Flowerfall Vest overfloweth with modifications!
Here she is with removable waist ties.

Stitch Subs with Hidden Risks

Linking stitches (such as linked dc or tr) are great! They can close gaps between stitches and have a beautiful texture. They're like adding a touch of Tunisian texture wherever you want. Among unlinked stitches, linking them will change the stitch gauge: the stitches tighten and the row will be narrower. The wrong side also doesn't blend as well if you're turning each row.

Increase or decrease methods: I find they're often not interchangeable.

"Centered" stitches a.k.a. "stem doubles" (crochet under three loops instead of just the top two, such as for filet crochet): This is one of my favorite stitch modifications but just keep in mind that it lowers the row height a bit.

Reverse single crochet edging (revsc): Some crocheters don't enjoy it and substitute with, say, [hdc, slst]. Revsc gives an edge a lot of ease and stretch, though, so make sure your sub does too.

Edgings: If you're using someone else's pattern, you don't know why the designer chose the edging. What if it's multitasking

Foundation Stitches: If a designer (I'm thinking of Doris Chan here!) specifies foundation stitches, using foundation chains might not work. Especially if it's a neckline.

DV NEWS

New diagonal Tunisian pattern Burly Bias will be published soon after you read this. Watch for it here (my site) and here (Ravelry).
Three-color diagonal Tunisian skinny scarf: its Ravelry project page.
This one is a skinny tie version: three attached colors plus another random stripe. Also see a 1-ball chunky wool and a 2-ball Fibonacci version.


I made a quick video: "Snip & Unzip an Armhole" while I worked on the Flowerfall Vest. It's under 2 minutes.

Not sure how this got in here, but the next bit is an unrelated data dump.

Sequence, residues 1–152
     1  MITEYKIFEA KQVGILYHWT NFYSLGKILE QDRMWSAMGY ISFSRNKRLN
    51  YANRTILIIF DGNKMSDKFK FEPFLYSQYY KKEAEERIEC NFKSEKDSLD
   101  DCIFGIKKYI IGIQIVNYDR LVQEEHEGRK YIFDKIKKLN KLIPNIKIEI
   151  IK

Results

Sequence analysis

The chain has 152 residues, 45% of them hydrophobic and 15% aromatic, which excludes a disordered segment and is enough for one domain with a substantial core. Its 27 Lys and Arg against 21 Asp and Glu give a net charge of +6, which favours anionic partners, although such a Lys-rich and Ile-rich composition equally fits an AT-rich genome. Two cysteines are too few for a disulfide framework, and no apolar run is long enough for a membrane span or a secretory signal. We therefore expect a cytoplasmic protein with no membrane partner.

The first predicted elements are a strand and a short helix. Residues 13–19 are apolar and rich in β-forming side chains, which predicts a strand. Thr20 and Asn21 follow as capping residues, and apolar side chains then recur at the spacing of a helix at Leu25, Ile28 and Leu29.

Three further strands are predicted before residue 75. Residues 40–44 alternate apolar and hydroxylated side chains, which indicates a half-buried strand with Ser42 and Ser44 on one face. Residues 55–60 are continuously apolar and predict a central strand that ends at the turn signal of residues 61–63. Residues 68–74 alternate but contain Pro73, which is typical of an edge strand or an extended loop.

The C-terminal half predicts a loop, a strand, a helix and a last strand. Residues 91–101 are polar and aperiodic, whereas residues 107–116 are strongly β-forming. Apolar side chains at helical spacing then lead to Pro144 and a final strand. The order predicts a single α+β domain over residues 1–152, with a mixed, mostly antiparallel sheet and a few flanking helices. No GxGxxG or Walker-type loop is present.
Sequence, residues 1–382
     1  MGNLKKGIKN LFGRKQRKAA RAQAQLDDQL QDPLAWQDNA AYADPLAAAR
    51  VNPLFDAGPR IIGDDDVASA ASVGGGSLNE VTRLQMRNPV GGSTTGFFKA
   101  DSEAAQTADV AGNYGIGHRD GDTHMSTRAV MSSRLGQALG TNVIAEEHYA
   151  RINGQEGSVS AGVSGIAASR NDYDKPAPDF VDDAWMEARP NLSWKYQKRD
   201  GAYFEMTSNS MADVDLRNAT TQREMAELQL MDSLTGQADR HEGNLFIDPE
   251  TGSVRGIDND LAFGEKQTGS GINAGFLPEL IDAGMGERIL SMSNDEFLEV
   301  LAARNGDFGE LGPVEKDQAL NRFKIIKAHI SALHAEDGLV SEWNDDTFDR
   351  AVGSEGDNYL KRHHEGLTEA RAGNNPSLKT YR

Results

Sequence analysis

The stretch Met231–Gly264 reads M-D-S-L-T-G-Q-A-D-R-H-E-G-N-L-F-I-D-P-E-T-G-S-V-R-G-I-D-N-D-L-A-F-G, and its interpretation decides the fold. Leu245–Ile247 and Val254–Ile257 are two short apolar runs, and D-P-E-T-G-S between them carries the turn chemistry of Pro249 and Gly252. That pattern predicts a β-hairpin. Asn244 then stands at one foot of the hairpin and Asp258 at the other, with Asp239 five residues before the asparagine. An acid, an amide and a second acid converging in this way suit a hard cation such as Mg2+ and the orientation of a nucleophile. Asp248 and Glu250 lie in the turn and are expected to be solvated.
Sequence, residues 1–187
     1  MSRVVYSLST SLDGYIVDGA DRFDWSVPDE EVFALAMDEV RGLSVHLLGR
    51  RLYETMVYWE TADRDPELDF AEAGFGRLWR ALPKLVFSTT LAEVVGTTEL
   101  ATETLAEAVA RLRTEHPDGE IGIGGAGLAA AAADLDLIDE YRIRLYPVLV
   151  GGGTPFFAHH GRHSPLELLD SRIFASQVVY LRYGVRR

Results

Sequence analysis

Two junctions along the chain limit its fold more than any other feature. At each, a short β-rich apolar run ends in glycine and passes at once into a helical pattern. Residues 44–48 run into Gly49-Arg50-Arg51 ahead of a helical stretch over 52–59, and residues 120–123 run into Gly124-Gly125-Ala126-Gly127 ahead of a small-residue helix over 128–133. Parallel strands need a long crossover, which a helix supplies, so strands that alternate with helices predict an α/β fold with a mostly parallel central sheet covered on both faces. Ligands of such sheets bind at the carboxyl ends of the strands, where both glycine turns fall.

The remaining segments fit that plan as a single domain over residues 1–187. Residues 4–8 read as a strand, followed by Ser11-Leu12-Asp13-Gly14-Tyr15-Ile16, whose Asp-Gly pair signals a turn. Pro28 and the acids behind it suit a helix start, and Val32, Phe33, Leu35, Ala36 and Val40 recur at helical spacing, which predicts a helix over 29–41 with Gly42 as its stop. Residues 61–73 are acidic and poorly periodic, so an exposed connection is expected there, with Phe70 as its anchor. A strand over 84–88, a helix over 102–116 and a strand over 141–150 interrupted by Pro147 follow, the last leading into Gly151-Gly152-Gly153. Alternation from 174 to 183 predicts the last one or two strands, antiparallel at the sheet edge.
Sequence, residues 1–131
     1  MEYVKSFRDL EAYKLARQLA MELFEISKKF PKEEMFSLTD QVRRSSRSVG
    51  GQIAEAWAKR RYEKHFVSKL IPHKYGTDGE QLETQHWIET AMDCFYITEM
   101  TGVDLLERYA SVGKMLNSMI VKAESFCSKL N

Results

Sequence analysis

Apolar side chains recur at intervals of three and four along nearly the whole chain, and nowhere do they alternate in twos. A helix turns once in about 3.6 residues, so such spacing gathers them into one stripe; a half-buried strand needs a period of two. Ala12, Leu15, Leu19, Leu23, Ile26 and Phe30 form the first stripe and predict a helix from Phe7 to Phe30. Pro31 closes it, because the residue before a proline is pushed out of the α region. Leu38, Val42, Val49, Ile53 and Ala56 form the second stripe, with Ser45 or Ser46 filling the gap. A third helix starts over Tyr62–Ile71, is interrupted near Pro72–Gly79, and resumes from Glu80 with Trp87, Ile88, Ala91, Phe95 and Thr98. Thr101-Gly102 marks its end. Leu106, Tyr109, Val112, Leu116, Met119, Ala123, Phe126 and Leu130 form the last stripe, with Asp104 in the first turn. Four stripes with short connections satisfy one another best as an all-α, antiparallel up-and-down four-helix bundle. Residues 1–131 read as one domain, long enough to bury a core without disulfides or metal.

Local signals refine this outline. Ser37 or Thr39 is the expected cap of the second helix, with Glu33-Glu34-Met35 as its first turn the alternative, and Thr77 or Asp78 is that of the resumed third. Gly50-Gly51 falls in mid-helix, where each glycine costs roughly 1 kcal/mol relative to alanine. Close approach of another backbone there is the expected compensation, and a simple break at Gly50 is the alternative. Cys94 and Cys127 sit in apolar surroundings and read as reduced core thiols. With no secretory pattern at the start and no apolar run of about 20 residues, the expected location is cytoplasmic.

Snip & Unzip an Armhole! Quick video (1.5 minutes)


I was on Mary Beth Temple's Getting Loopy podcast a few weeks ago! You can still listen to the episode (I come in at about 6 minutes).


Created a deluxe photo tutorial for The Starwirbel Way class handout and then blogged it.
Foundation Star Stitch Step by Step, a deluxe graphic (too big; only part of it shows here)


Just a heads up about my July classes, they're close to being sold out (one already is). 



Interested in helping me test something while I do class prep for the Tunisian on the Diagonal class?
Schematics for Four Peaks Scarf and Five Peaks Shawl
I want to know what it's like for people to use the Four Peaks Scarf pattern (start in one corner) to create an L-shape wrap (like the Five Peaks Shawl). And then maybe even a Six or Seven Peaks thing...please see this forum thread.

Risk-Free* Stitch Substitutions

Picots (scroll to the list at the end of this 2010 blog post)

Starting the center of a motif (methods)

Joining rounds (methods)

Attaching a new color: air stitches (a.k.a. standing stitches) vs. slip stitch and chains

Beads (how you add them)

Cords, drawstrings.

Stitches you don't crochet the next row into, such as picots, reverse single crochet, and other edgings.

*usually risk-free. Or, low risk.

Fun Links

The Future is Knit, second half of article: "The Future is Squishy". (Everything they say about knits is true of crochet too, except that the knits can be machine made: "You have more control in terms of dimensionality than you have with woven fabric.")

Crocheted sculptures by Russian textile artist Yulia Ustinova! "At 11 I entered a professional artistic school learning the Academy of pictorial arts. There I used to practice painting, graphics, sculpture, and during my spare time – crochet. I've crocheted everything—clothes, simple toys, things for interiors."